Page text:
Population Care

Congress told impact of immigrant children’s trauma may be lifelong

Andis Robeznieks , Senior News Writer

What’s the news: AMA urges Congress and the Trump administration to work with medical and mental health experts to ensure that the health of families and children seeking refuge in the U.S. is protected throughout the immigration process.

This recommendation was made in a statement delivered to the U.S. House Oversight and Reform Committee in advance of its hearings, “Kids in Cages: Inhumane Treatment at the Border” and “The Trump Administration’s Child Separation Policy: Substantiated Allegations of Mistreatment.”

Why it matters to patients and physicians: The ill health effects caused by the traumatizing conditions experienced by children in Customs and Border Protection (CBP) custody can last a lifetime.

“Families seeking refuge in the U.S. already endure emotional and physical stress, which is only exacerbated when they are separated from one another or held in family detention facilities during the pendency of their immigration proceedings,” AMA Executive Vice President and CEO James L. Madara, MD, wrote in a letter to committee leaders. “It is well known that childhood trauma and adverse childhood experiences created by inhumane treatment often create negative health impacts that can last an individual’s entire lifespan.”

The statement also states how traumatizing conditions such as insufficient food and water, extreme temperatures and constant light exposure “are simply not appropriate places for children or for pregnant women.”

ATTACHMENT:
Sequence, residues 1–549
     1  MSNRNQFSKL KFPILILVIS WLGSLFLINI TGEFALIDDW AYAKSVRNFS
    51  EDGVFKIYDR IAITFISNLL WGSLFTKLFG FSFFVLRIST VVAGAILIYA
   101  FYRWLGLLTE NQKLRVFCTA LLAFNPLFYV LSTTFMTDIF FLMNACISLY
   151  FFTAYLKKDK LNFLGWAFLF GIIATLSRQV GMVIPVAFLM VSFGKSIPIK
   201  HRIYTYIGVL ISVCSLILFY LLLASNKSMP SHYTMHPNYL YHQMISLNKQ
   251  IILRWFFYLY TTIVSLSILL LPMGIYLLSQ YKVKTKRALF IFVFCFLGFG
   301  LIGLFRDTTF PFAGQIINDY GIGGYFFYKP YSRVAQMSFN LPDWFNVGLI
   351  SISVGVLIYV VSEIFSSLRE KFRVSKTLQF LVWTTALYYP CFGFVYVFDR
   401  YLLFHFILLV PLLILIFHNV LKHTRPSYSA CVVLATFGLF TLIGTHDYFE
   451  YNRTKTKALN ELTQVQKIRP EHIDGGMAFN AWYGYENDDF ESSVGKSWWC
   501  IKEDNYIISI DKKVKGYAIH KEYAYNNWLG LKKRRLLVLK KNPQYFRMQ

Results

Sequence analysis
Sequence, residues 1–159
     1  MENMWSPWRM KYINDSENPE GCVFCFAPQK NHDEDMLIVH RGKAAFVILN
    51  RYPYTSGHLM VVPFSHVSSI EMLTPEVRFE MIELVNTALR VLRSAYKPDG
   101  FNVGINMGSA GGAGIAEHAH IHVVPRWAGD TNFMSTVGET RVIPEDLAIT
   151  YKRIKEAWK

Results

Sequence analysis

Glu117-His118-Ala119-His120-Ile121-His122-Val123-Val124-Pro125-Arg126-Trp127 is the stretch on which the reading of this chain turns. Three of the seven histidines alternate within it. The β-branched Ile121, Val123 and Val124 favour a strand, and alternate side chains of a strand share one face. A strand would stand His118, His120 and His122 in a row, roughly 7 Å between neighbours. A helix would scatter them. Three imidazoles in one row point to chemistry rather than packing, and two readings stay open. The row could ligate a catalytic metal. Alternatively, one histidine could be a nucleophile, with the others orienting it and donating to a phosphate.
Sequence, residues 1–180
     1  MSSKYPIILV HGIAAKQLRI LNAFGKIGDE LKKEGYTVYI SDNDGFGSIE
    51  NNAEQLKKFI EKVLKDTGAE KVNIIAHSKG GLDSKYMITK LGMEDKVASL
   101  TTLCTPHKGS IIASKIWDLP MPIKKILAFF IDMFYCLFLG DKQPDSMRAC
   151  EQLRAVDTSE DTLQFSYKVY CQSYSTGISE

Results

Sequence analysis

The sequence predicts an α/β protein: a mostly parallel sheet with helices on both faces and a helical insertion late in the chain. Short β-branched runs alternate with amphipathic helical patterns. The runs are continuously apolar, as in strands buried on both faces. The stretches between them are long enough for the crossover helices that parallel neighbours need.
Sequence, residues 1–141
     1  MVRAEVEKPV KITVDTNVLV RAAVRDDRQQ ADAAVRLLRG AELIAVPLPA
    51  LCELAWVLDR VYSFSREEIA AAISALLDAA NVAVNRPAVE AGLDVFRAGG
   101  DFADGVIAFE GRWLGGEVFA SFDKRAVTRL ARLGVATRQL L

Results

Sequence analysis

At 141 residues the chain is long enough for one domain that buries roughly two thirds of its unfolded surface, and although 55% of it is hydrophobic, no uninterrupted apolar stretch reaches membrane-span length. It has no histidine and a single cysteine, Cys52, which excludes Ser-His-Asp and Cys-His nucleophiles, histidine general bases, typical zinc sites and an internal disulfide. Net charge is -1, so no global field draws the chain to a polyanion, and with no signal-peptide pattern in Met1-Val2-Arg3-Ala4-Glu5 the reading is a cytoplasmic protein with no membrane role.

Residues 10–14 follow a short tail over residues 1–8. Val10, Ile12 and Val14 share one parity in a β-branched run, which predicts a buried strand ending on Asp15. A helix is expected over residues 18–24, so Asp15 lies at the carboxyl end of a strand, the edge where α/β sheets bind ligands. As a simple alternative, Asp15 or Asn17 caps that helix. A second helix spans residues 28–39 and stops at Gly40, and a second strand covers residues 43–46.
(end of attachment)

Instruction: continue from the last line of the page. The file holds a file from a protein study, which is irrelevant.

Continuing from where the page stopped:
This is not a new position of the AMA. The statement issued to the committee reflects policies adopted by the AMA House of Delegates at the 2017 and 2018 AMA Annual Meetings. The policies oppose the separation of parents from their children and support humane treatment of all undocumented children.

In September the administration released a proposed rule expanding the long-term detention of migrating families. Consistent with these policies, the AMA opposed the proposal and has demanded oversight of detention facilities.

What’s next: The AMA and several medical specialty societies are strongly supporting H.R. 3239, the “Humanitarian Standards for Individuals in Customs and Border Protection Custody Act,” as a necessary first step to ensure adequate health care, food and water, sanitation and shelter for individuals in CBP custody.

The AMA also urges Congress and the administration to make it a priority to support families and protect the well-being of children within those families throughout the immigration process.